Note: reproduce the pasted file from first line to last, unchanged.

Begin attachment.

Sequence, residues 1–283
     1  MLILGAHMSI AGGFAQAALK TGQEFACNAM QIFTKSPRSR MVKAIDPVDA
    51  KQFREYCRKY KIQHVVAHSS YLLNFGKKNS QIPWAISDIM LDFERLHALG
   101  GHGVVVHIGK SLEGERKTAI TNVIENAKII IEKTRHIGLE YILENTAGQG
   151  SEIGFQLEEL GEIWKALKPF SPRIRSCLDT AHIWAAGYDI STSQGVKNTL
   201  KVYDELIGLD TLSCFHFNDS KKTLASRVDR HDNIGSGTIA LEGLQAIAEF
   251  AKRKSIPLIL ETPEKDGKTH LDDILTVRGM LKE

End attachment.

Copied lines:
Sequence, residues 1–283
     1  MLILGAHMSI AGGFAQAALK TGQEFACNAM QIFTKSPRSR MVKAIDPVDA
    51  KQFREYCRKY KIQHVVAHSS YLLNFGKKNS QIPWAISDIM LDFERLHALG
   101  GHGVVVHIGK SLEGERKTAI TNVIENAKII IEKTRHIGLE YILENTAGQG
   151  SEIGFQLEEL GEIWKALKPF SPRIRSCLDT AHIWAAGYDI STSQGVKNTL
   201  KVYDELIGLD TLSCFHFNDS KKTLASRVDR HDNIGSGTIA LEGLQAIAEF
   251  AKRKSIPLIL ETPEKDGKTH LDDILTVRGM LKE